Politics & Media
Mar 11, 2022, 05:57AM

After the Apocalypse 

Innocent people pay the price for the megalomania of dictators.

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I suppose it was too much to expect that the world would settle down after it became clear that Covid’s run its course. Perhaps the virus is still lurking, ready to attack when the time’s right. But the obsession and mass hysteria over Covid has mostly ended, replaced by the war in Ukraine. This is not to minimize the gravity of Vladimir Putin’s tyranny, the suffering of the Ukrainians, or the bizarre timing of the attack. Innocent people pay the price for the megalomania of dictators. But something must be said about the reactionmany people have exhibited, which continues the cycle of societal derangement.

There’s always someone/something that needs punishment and this time it’s Russian culture. The Met Opera soprano, Anna Netrebko was fired for not being vocal enough about her rejection of Putin. The Cardiff Philharmonic Orchestra has removed Tchaikovsky from their program because, you know, he’s Russian, and it’s clearly his fault that Putin wants to conquer the world. Who’s next? Tolstoy? Dostoyevsky? Solzhenitsyn, the man who fought against totalitarianism? These so-called cancellations are empty forms of protest that justify philistine pride.

Saying we live in an unhealthy society is an understatement. Between social media insanity and inanity, constant propaganda, and people’s perpetual focus on “bad news,” there’s no room for creation and production. In addition, it’d appear that the world’s ending. World War III is on the horizon. Maybe it is. I don’t have a crystal ball, and I don’t do astrology charts of cosmic significance. But this focus on the impending apocalypse is tiresome. If the apocalypse is inevitable then what’s the point of worrying about it? If the end of the world is an absolute certainty, then what is the meaning of free will and why do we keep asserting it?

I’m somewhat sarcastic above, but there are bigger philosophical implications in what’s happening today. The mass hysteria that we’ve experienced in the last two years is an exercise in primitive gnosticism. A primitive emotion is attached to the secular yet supernatural forces that strengthen the ideology and fear. The notion of theological reality never enters the picture when we analyze the events. However, an event is not merely linear but also ontological. There’s a misunderstanding of time and its current compression. In his book on the meaning of cinema, Sculpting in Time, Andrei Tarkovsky writes, “Time is a condition for the existence of our ‘I’… Time is necessary to man, so that, made flesh, he may be able to realise himself as a personality. But I am not thinking of linear time…but the cause which makes man incarnate in a moral sense.”

There’s always a moral responsibility attached to a person, and hysteria, tyranny, and fear are the impediments to the incarnation, theological materialism, and moral thought or action of a human being. The idea that we’re living in a vast cosmic space and the threat of mass annihilation is coming is too much to comprehend for the human mind, yet the mind is obsessed with it. So, instead of entering through the door of time that perpetuates human propensity for creation, we stay on the other side where decay, weeds, and metaphoric nuclear waste dominate life. Images of Tarkovsky’s Stalker (1979) come to mind, as the three protagonists move through the landscape of decay and destruction with a few glimpses of what may constitute faith in God.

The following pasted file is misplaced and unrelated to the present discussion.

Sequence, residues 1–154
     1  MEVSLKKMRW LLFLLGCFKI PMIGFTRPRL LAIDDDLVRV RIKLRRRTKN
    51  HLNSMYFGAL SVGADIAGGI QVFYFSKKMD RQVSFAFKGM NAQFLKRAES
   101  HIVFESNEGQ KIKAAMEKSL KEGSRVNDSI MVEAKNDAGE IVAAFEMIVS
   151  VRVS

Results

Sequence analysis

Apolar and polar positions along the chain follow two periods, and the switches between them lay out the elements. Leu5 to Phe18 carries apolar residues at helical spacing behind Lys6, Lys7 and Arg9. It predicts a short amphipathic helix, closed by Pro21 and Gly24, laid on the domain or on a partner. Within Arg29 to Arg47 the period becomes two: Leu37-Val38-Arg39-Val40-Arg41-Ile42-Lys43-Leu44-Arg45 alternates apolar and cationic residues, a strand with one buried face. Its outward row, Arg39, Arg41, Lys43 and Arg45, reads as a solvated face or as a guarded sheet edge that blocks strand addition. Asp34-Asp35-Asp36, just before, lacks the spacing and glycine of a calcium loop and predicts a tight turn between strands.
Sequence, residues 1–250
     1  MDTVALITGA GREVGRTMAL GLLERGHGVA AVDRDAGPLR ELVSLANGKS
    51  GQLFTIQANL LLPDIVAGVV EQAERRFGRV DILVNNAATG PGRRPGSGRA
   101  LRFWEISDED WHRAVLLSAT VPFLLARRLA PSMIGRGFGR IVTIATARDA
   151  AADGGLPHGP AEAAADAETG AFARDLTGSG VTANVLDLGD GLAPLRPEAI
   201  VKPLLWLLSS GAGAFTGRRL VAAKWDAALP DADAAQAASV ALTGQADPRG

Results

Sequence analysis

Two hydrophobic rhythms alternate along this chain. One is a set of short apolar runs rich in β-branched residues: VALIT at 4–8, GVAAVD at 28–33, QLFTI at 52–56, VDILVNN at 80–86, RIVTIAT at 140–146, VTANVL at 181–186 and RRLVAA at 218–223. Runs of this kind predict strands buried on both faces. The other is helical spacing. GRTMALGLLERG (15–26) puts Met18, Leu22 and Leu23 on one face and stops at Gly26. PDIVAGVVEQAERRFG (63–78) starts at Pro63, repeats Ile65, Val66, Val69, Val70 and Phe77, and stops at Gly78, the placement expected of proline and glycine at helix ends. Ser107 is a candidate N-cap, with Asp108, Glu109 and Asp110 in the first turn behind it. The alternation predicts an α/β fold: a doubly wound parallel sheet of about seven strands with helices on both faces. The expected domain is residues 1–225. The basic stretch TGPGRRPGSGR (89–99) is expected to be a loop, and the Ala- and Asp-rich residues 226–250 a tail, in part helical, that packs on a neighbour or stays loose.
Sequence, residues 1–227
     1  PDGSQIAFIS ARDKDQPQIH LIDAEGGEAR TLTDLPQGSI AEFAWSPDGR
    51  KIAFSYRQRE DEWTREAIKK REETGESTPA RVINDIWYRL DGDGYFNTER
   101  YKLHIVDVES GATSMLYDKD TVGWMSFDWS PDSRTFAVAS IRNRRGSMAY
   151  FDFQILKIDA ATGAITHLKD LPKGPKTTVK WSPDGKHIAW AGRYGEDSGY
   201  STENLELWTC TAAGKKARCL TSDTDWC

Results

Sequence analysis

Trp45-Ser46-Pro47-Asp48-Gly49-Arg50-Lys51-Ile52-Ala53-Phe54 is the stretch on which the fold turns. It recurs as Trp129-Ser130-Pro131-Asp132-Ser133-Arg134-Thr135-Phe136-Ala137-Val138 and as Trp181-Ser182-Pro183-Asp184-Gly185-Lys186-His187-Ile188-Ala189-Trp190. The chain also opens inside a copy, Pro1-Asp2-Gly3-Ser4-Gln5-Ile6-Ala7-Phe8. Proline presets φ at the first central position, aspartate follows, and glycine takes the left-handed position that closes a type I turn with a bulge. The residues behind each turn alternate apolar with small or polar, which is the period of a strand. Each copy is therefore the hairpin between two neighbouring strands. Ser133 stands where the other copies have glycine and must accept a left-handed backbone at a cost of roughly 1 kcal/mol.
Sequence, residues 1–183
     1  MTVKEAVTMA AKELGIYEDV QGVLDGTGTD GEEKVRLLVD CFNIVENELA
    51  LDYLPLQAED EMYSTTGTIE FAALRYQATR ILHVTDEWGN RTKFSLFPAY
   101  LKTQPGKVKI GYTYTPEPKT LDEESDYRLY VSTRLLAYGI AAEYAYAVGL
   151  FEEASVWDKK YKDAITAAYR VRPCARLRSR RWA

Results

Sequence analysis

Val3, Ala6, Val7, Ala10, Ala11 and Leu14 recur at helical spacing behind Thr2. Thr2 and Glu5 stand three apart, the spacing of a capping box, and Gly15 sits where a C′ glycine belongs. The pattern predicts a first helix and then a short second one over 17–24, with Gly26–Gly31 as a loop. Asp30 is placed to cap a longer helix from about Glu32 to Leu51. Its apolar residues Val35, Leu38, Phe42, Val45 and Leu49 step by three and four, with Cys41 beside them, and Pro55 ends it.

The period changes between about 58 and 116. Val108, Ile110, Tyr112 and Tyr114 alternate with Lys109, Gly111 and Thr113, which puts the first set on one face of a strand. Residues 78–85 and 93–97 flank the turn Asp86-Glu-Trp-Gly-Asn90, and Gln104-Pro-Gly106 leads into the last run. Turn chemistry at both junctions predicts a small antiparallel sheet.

The Covid phenomenon has ushered in an unbearable fear of death. This perception of the world and life itself is precisely what dominates the media and relations we have to each other. What we’re forgetting is not only God (much like the writer and the professor in Stalker are doing) but also that the meaning of death is inextricably connected to the meaning of life. The more we scream, the more beastly we become.

Maybe we have an aversion to time. After all, we never have enough of it. Tarkovsky writes that “The time in which a person lives gives him an opportunity of knowing himself as a moral being, engaged in the search for the truth; yet this gift which man has in his hands is at once delectable and bitter.” We deny that there’s a bigger meaning to time, so it becomes easier to live on the surface of time, where consciousness barely exists.

Is the end near? The end of what exactly? An epigraph in Sculpting in Time, is appropriate to our current predicament. It’s a conversation between Stavrogin and Kirillov in Dostoyevsky’s The Possessed. “In the Apocalypse,” says Stavrogin, “the angel swears that there’ll be no more time.” Is it the time we’re afraid of? Or the possibility of happiness? Society is set on making fear the center of life. It’s trying to survive but the more we strive only for basic survival, the more we’re losing the vision of happiness. Any beast can fight for its survival but only man has the potential for creation. 


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